The Space & Beyond Blog

The six most famous astronauts … and five more you should know

Famous astronauts whose actions and achievements made history and set records

A picture of the Huntsville Times newspaper story on cosmonaut Yuri Gagarin’s accomplishment next to a picture of Gagarin in his spacesuit.

On April 12, 1961, Russian cosmonaut Yuri Gagarin (left, on the way to the launch pad) became the first human in space, making a 108-minute orbital flight in his Vostok 1 spacecraft. Newspapers like The Huntsville Times (right) trumpeted Gagarin’s accomplishment. Source: NASA

A picture of the famous astronaut John Glenn in a spacesuit.

In February 1960, famous NASA astronaut John Glenn donned his silver Mercury pressure suit in preparation for his launch into the history books aboard Friendship 7. Source: NASA

Enjoying our blog?

Check out the Space & Beyond Box: our space-themed subscription box!

space & beyond box products

Join our mailing list and get 10% off your first box

A picture of Buzz Aldrin’s foot and footprint on the moon.

Famous astronaut Buzz Aldrin took this photo of his boot and a partial bootprint as he tested the mechanics of the lunar soil. The rock in front of his toe measures 2 inches (5 cm) across. Source: NASA

A picture of Jim Lovell in his spacesuit.

During a training session at the Kennedy Space Center on Jan. 28, 1970, famous astronaut Jim Lovell suits up for an extravehicular activity simulation for the Apollo 13 mission. Source: NASA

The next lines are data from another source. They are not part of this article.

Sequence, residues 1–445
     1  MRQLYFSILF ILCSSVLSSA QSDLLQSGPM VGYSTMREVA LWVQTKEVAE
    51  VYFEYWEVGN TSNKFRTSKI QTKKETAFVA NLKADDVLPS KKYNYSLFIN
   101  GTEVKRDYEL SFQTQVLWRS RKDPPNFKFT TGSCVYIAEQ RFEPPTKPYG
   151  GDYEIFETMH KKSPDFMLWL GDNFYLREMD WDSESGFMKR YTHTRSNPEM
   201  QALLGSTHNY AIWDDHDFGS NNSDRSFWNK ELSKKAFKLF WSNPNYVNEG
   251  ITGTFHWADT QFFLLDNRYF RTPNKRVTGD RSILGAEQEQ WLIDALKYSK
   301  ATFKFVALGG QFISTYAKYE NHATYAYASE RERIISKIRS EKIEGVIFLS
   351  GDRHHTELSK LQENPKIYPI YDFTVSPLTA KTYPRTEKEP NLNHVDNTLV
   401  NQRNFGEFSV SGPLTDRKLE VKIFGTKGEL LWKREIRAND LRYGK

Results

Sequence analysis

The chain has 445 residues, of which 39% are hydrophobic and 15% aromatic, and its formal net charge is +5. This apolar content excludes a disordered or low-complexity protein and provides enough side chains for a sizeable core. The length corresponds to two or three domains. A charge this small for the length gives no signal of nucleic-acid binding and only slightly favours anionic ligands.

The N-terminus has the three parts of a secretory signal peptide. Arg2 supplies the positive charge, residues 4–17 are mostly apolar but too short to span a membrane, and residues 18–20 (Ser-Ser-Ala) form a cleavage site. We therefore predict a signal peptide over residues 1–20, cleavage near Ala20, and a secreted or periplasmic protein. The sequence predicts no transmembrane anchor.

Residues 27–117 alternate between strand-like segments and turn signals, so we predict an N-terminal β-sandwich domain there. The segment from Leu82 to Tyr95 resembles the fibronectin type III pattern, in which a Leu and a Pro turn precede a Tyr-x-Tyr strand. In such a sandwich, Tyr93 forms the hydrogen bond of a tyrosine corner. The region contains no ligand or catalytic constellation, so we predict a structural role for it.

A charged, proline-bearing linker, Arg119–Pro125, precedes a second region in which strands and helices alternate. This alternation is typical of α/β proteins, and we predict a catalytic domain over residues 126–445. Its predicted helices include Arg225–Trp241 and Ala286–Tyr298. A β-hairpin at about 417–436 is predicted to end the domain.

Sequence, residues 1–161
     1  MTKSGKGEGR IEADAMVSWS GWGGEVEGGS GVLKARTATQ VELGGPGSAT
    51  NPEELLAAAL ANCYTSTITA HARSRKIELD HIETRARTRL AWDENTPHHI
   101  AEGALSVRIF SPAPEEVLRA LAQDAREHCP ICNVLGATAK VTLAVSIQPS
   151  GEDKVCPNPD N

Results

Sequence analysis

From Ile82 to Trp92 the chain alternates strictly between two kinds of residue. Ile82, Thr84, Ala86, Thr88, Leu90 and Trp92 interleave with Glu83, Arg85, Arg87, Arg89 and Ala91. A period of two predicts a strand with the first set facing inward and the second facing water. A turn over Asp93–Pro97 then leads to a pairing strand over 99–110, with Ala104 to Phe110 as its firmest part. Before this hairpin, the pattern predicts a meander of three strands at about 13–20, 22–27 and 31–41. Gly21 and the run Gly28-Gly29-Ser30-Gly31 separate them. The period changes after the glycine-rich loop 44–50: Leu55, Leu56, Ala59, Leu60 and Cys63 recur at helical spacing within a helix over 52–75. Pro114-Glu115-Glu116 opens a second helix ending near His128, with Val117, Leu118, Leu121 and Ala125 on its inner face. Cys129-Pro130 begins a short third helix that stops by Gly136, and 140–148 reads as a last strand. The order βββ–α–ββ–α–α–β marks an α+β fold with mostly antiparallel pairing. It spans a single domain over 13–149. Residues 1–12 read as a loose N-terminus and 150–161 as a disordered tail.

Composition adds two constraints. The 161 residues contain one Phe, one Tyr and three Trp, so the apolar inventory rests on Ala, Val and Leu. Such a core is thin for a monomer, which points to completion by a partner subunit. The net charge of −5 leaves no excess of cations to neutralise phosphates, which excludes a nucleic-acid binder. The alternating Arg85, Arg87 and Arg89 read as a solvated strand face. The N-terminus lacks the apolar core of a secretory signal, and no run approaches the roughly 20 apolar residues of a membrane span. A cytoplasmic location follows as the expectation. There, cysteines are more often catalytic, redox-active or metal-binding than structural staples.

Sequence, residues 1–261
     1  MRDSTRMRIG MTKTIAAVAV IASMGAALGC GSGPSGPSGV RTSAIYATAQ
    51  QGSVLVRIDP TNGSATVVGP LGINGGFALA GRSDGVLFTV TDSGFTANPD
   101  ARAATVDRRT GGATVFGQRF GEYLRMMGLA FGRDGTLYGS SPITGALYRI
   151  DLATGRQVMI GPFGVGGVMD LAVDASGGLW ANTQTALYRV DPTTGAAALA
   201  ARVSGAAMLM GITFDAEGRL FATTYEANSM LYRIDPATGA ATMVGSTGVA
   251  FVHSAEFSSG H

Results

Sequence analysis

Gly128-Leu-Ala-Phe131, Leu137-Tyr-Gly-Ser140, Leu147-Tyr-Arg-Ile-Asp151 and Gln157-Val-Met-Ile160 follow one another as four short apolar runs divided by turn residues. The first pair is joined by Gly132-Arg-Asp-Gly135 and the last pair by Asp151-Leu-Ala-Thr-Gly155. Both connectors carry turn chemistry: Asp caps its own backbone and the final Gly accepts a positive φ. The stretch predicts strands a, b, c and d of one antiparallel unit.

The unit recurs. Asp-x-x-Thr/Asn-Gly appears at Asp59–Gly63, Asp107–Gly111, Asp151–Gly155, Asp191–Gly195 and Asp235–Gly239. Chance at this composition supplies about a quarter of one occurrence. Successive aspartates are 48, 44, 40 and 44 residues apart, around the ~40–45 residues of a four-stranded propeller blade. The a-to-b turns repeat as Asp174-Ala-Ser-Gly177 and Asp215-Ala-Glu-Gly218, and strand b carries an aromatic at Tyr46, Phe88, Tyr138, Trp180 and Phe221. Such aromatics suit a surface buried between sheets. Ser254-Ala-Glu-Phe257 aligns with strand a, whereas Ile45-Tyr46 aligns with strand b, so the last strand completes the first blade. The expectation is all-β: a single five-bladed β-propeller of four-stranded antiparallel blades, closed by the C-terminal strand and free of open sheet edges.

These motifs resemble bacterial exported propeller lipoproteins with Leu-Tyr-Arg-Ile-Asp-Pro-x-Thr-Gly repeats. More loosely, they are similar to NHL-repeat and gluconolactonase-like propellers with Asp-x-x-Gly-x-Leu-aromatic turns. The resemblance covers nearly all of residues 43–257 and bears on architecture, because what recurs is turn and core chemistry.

A headshot of Sally Ride in front of an American flag.

Sally Ride’s first space mission lasted 147 hours. Source: NASA

A headshot of Christa McAuliffe with an American flag in the background.

Famous astronaut Christa McAuliffe. Source: NASA

A picture of Mae Jemison floating in the Endeavour space shuttle.

Famous astronaut Mae Jemison on the Endeavour space shuttle in September 1992. Source: NASA

A picture of Chris Hadfield in a spacesuit.

Canadian astronaut Chris Hadfield participates in an Extravehicular Mobility Unit (EMU) spacesuit fit check in the Space Station Airlock Test Article (SSATA) in the Crew Systems Laboratory at NASA’s Johnson Space Center on July 31, 2012. Source: Mark Sowa/NASA

A picture of Mark Kelly and Scott Kelly wearing matching blue NASA jackets and looking each other in the eyes.

Retired astronaut Mark Kelly (left) cracks a slight smile while posing with his identical twin brother, astronaut Scott Kelly (right). As part of NASA’s Twins Study, Scott took a long trip to space, while Mark remained on Earth. Researchers then monitored how their bodies reacted to their differing environments. Source: NASA

Pin It on Pinterest

Share This